The goal with this challenge was to make apps that are relevant to the passenger through the various phases of the experience i.e. checking in, passing through a security checkpoint, boarding the plane, flying using the newer inflight Wi-Fi system and having an Economy class seat as your workspace then arriving and collecting your luggage.

One application that won “first prize” in the challenge was a push-notification system that was able to let you and family / close friends know where you were in your air journey. Here, this could push messages to your phone or smartwatch or the device owned by your friend depending on where you are, and could show up electronic boarding passes as required. For your relative or friend, it would mean, for example, when to start driving out to the airport to pick you up. This application would be driven by GPS and iBeacon technology in order to get its bearings.

Another application that won the challenge was an “area social network” that applied to your flight. Here, this would tie in with Facebook and LinkedIn and the in-flight Wi-Fi to indicate whether you have “bumped in to” someone in your personal or business network by the fact that you are on the same plane. This could also work with groups that are likely to be “split up” due to travelling different classes on a long-haul jet or simply for solo travellers who are heading the same direction to do things like share cabs at the destination.

Someone even tendered a personalised proximity-signage setup which can show things like gate information for connecting flights or directions to a particular baggage carousel. I also see this application work with the hire-car scene by avoiding the need for drivers of these cars to show signboards relating to their pick-ups in the arrivals hall. This application assures privacy by deleting the information on the signs when you walk away from them.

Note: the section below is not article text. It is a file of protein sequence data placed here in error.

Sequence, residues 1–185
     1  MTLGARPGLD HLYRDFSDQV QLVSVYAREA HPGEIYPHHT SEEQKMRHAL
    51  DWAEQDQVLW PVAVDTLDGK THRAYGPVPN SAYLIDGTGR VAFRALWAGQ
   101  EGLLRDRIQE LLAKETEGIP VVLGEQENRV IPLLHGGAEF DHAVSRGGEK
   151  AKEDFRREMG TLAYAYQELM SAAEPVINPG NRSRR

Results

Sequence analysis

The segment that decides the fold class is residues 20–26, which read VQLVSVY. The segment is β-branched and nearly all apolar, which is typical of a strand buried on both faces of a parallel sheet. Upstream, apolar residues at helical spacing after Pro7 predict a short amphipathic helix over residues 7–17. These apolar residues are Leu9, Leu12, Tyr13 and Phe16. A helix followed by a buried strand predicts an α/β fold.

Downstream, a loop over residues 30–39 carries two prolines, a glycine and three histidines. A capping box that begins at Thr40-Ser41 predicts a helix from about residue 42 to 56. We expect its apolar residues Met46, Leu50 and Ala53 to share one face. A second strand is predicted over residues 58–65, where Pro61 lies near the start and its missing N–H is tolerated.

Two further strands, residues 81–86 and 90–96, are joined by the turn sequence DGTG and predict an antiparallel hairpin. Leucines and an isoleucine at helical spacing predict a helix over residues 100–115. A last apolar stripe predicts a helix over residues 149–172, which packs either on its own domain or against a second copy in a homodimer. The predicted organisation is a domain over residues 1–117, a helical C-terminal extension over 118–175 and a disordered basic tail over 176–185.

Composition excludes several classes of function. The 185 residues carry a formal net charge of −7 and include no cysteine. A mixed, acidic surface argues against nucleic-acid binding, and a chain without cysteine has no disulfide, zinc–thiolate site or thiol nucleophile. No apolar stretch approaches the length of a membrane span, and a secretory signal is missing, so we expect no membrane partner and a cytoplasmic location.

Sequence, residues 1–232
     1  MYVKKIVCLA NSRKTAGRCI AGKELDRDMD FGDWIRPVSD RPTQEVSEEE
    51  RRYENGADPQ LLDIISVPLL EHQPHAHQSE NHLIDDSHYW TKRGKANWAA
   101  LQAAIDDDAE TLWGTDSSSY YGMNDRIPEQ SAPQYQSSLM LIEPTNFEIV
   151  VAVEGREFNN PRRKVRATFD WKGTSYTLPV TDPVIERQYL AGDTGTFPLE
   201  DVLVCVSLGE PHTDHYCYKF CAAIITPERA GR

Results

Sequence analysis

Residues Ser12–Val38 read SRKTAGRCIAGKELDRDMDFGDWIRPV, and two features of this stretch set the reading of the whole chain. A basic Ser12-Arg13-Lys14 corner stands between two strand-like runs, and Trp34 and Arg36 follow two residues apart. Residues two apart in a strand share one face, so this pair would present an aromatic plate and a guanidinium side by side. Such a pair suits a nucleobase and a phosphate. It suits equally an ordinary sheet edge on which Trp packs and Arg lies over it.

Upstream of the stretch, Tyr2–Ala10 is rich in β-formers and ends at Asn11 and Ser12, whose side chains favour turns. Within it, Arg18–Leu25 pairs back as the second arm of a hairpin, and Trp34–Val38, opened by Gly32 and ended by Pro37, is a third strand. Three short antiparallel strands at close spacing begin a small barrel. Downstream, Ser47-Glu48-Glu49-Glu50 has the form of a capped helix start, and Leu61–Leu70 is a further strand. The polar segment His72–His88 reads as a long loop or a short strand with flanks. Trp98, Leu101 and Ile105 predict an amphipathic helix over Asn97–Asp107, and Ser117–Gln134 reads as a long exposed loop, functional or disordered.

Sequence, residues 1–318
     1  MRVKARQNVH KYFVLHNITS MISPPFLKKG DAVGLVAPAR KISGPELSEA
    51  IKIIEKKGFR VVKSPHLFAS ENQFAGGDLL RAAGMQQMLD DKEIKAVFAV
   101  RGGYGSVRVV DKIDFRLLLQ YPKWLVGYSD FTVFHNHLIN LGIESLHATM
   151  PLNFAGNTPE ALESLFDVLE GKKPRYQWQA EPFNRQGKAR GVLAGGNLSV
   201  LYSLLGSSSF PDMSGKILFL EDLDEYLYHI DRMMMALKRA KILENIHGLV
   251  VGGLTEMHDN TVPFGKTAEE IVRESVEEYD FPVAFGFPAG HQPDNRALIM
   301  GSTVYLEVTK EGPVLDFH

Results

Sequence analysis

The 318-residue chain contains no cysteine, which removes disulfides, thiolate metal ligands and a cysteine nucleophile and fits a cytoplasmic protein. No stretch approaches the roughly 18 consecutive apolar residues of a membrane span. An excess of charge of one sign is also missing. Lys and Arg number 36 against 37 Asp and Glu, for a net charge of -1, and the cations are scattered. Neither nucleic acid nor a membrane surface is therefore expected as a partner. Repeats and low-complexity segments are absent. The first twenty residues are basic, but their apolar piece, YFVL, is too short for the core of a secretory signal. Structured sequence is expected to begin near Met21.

Even the idea of travelling with your four-legged friend interstate or overseas by air on the same flight is catered for with a special collar that lets you know how they are. This could be augmented with a system that allows you to know how they are if you and the pet are on different transports once suitable technology is implemented as part of the “Internet of Things”.

This is a situation where innovation is taking place by encouraging situation-specific software development goals through programming challenges focusing on that situation.

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Android Wear–to make designing more and better wearables easier

Article

Google unveils Android Wear, its modified OS for wearables | Internet & Media – CNET News

From the horse’s mouth

Google – Android Wear team

Sharing What’s Up Our Sleeve: Android coming to wearables | Official Android Blog

Android Wear Developer Preview Now Available | Android Developers Blog

Promotional Video

Click to play (YouTube)

Developer Preview video

Click to play (YouTube)

My Comments

Google has just released Android Wear which is a version or “fork” of the Android mobile operating system that is pitched at the so-called “wearable” devices. But what do I see of this?

One advantage that I see of this is that manufacturers can focus on designing smartwatches and fitness bands without the need to work on the software for these devices. They could work on a brand-specific “overlay” which includes applications specific to a brand’s needs like what Samsung, Sony and HTC have done with their Android phones and tablets. But most other manufacturers like the traditional watch manufacturers can jump on the wearable bandwagon and focus on devices that look elegant and fashionable to wear. They can also work on shortcomings of the current designs such as short battery runtime (make it possible to wear a smartwatch for a night or weekend “elsewhere”).

For example, could a Swiss watch name or someone like Casio or Seiko, the doyens of the digital watches. find themselves able to clamber on to the smartwatch scene? Similarly, could we see that it is feasible to have the “ladies” and “gents” watches as well as smartwatches that are a perfect replacement for the traditional analogue or digital watch.